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Old 12-17-2012, 07:23 PM   #1
glen
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Default What do you charge to consult on a system and set it up?

1. Research and design a simple system - an office with 1 PC designed to run specialty softweare, like architectural software.
2. Set up the system: unplug old PC, plug up new PC, move all the files over, get it running, etc...
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Old 12-17-2012, 09:19 PM   #2
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Nothing.

Last edited by FelixDeCat; 12-19-2012 at 04:33 PM.
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Old 12-17-2012, 09:24 PM   #3
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Depends on the particulars. Purely business, and no friendship or financial hardship involved, I'd probably charge $300 over the cost of the hardware.
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Old 12-17-2012, 11:45 PM   #4
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At least 6 figures, because it is never that simple.
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Old 12-17-2012, 11:49 PM   #5
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Similar charge as lxskllr.

Unless it's a close friend: make up an agreement and get it signed that covers your responsibilities as far as future servicing of the hardware/software. Cover yourself so likely replacements are covered within the manufacturer warrantee. Exempt yourself from responsibility from any dicking around any other tech-help does to the computer. IE: "My cousin said he was really good at fixing computers so we brought him in... boy did he really dick this thing up. You built it, so fix what he screwed up". Uh, no.

Most people are reasonable, but sometimes you'll run into the types that think just because you build/set up hardware for them, you're on the hook as tech-support/fix-it guy/IT/PC teacher *forever*, so it's best write up a contract that makes it clear this won't be the case.

I've got my 'standard agreement' I use whenever I do builds for small businesses and non-friend/family individuals, and in 15 years or so I've only had to resort to citing it about 4 times.
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Old 12-18-2012, 01:34 AM   #6
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I usually charge 100 bucks on PCs for individuals, buisnesses can be more, but I'm usually gonna charge later on down the road for service anyways, so I try to keep the initial markup on the lower side.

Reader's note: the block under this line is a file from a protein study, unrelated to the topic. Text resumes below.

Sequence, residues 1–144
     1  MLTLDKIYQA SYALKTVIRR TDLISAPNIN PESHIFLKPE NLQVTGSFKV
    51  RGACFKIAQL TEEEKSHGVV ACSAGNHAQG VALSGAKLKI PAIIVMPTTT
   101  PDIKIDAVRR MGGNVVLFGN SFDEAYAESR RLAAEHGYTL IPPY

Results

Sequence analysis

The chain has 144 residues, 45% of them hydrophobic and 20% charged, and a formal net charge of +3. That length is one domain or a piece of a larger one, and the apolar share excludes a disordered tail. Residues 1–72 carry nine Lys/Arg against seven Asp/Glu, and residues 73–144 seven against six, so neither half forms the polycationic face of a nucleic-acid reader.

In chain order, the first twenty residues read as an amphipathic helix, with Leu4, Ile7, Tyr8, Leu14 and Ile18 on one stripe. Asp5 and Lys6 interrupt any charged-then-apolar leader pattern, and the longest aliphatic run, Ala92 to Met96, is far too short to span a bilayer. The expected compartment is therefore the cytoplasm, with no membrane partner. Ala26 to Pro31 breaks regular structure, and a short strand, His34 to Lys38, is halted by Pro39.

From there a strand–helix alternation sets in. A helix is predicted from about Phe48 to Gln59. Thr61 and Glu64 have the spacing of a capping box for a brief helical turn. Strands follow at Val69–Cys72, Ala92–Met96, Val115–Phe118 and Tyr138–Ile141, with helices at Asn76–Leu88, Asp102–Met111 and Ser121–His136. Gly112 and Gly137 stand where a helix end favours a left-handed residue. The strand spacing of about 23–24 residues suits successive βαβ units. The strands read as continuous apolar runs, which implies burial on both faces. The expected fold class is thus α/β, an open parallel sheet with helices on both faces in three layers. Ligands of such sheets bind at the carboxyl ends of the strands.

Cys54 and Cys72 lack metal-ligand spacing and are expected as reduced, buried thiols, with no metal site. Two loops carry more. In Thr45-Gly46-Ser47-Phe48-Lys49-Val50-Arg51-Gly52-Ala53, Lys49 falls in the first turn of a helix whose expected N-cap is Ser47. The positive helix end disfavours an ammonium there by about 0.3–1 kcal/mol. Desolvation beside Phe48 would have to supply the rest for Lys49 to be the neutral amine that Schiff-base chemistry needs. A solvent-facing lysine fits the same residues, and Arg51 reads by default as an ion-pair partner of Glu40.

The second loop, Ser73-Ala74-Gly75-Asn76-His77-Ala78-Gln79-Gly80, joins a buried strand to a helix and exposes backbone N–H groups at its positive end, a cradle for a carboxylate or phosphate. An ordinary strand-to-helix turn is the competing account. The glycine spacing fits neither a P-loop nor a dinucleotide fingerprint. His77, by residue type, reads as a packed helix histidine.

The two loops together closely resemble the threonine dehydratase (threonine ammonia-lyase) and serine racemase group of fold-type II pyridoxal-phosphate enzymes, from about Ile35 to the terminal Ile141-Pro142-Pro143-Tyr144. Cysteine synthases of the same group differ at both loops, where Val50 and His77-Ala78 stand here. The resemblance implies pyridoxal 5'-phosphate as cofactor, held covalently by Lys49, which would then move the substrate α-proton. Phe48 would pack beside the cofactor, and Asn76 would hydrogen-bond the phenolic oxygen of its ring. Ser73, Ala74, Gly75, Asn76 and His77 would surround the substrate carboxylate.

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Old 12-18-2012, 08:34 PM   #7
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any more info?
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Old 12-18-2012, 08:46 PM   #8
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Figure an hourly rate and a flat rate. For a business, I would expect to charge something like $100 - $150 for this type of work. This is assuming 2 hrs of work.

If I think it's only going to take an hour, choose an hourly rate ($50 - $70).
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Old 12-19-2012, 08:44 AM   #9
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I've found out the hard way - when dealing with business, do not underprice yourself. Quite a lot believe if you don't charge enough, you aren't good enough.

A few years ago we were going to install and SBS system at a local business and then convert 15 machines from various older versions of windows to XP and get everyone hooked to the network. We gave them a price that was low (basically break even) because we really wanted to do it and use it as a reference going forward. They chose someone charge 3-4x our rate because they said our price meant they didn't think we knew what we were doing (trust me, we knew exactly what we were doing). We even explained why and they didn't care.

Some people.

As far as individuals go, i've learned that hourly is a good method. Simply because when you do one price, they seem to tag on a lot of 'by the way, while you're here' items that they never mentioned before. If you're on hourly, you can say, sure, 'but that'll be another 1-2 hours you have to pay for, your call'.
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Old 12-19-2012, 08:46 AM   #10
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$300. More if their are hoards of peripherals and goofy networks to negotiate. Then $150/hour to return for support, changes or more setup.
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Old 12-19-2012, 03:22 PM   #11
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$55..but
I buy computers through my work discount, but charge them retail price
- its $55 as long as its not a rush
....help adding printer...$55
....how do I do this in Outlook?....$55
....I cant find notepad....$55
....I got spyware and pop ups...$55
$100 if they need it overnight
(thats for computers..not servers..all my customers are on yearly contracts for server support)
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Old 12-20-2012, 06:04 AM   #12
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Quote:
Originally Posted by Zaap View Post
Similar charge as lxskllr.

Unless it's a close friend: make up an agreement and get it signed that covers your responsibilities as far as future servicing of the hardware/software. Cover yourself so likely replacements are covered within the manufacturer warrantee. Exempt yourself from responsibility from any dicking around any other tech-help does to the computer. IE: "My cousin said he was really good at fixing computers so we brought him in... boy did he really dick this thing up. You built it, so fix what he screwed up". Uh, no.